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Full text of "The manufacture and properties of iron and steel"

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HEJT  TREATMENT.                                    297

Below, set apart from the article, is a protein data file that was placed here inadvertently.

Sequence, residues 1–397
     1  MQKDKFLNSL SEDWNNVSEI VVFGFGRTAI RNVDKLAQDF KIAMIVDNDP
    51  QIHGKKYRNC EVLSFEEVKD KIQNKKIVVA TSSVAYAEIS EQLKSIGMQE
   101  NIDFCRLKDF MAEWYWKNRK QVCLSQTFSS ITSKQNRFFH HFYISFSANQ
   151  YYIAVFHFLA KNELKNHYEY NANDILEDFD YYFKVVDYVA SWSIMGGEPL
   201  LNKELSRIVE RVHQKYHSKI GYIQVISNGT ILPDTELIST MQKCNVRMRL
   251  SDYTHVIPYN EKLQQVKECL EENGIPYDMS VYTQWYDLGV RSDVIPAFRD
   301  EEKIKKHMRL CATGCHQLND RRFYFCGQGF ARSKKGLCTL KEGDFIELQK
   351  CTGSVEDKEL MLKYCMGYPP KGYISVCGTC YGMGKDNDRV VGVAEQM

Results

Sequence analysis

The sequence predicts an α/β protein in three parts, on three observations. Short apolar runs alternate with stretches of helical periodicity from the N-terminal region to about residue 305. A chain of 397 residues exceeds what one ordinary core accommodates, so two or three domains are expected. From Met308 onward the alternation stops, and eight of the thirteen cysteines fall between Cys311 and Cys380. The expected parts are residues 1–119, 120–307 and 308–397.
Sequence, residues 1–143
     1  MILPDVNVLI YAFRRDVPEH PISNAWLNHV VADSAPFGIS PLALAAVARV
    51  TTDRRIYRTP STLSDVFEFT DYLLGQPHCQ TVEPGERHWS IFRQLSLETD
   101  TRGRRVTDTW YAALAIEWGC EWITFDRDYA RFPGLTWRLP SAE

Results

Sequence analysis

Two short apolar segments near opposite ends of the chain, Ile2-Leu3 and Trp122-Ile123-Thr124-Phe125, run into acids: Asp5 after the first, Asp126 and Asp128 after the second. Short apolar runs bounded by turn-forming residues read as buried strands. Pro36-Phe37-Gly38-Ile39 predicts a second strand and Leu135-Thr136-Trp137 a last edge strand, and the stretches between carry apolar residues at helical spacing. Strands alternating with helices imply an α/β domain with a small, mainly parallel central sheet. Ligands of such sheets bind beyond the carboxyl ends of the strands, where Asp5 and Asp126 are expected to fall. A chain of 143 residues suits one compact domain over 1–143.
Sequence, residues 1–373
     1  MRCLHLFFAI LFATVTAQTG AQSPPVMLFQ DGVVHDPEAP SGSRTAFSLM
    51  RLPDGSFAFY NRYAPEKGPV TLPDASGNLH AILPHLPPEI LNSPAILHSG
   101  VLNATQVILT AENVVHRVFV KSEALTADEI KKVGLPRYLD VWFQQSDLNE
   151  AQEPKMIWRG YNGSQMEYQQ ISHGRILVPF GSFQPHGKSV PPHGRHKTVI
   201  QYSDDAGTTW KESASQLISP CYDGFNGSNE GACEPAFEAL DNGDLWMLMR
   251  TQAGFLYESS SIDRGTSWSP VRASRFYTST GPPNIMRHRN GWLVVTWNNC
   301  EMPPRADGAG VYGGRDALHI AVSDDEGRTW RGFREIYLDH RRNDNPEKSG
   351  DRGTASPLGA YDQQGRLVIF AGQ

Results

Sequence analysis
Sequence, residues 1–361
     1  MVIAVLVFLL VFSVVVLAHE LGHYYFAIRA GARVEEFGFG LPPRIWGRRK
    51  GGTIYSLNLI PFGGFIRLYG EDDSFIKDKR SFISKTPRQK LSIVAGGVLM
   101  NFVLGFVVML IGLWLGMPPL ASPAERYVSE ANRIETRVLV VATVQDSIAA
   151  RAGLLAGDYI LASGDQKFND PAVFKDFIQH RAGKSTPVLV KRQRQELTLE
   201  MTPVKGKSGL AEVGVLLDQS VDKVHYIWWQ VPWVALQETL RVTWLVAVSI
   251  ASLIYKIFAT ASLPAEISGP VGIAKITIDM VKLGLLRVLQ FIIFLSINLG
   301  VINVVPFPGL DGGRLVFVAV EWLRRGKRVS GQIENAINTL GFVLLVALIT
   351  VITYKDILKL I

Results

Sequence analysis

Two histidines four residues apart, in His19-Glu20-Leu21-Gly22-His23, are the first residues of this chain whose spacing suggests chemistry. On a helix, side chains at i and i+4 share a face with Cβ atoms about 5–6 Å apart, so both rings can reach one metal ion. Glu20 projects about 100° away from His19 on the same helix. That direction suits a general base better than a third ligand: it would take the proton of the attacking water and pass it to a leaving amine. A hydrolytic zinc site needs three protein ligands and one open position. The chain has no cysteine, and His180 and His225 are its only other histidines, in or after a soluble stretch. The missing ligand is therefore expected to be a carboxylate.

carbon alone. It may he compared to a sugar solution which is more or less sweet according to the proportion of sugar present. Marten-site may be easily recognized by its appearance, shown in Fig.XV-B No. 2. At the upper critical point Ar3, the conditions become more favorable for the production of cementite and ferrit'e, and variable amounts of one or the other are formed, depending on the carbon content; at the second critical point, Ar2, no radical change is noticeable, the only effect being an increase in the amount of cementite or ferrite, but at the lower critical point, Arx, the marten-site disappears, and in steels cooled slowly to below this temperature the structure is composed entirely of ferrite, or entirely of pearlite, or of pearlite mixed with ferrite or cementite. Ferrite is iron free from carbon and forms almost the whole of a low carbon steel, while cementite is considered to be a compound of iron and carbon Denoted by the formula Fe3C, the carbon of this form being known as cement carbon. Pearlite is formed by the structural union of ferrite and cementite in definite proportions, not being a compound, but simply an intimate mixture. It appears in two forms, granular and lamellar, the former being seen in steel which has been worked or reheated to a low heat, while the latter is found only in steel which has been cooled slowly through the critical range. It is to the lamellar variety that its name is due, the structure by oblique light giving an effect like mother of pearl. In addition to these common forms there are two others, troostite and sorbite, of which little is known at present. As steel cools through the critical range, the transition from martensite to one of the forms contained in unhardened steel is not abrupt, but appears to be in two steps. Thus by quenching during this critical change a new condition will be obtained—troostite—and if this quenching takes place at the end of the critical range in cooling, a second effect is noticed, which is called sorbite. Quenching in lead, or reheating quenched steel to a purple tint may also produce sorbite, and Osmond states that when small pieces are cooled in air the chilling is sufficiently rapid to prevent the complete transformation into ferrite and cementite, some sorbite being formed. Thus aus-tenite, martensite and troostite are found only in steel quenched at or above the critical range, while ferrite, cementite, pearlite and-sorbite, are characteristic of unhardened steel. It is difficult to'." develop troostite and sorbite in the process of etching in such a way that they will be clearly visible under the microscope, and it has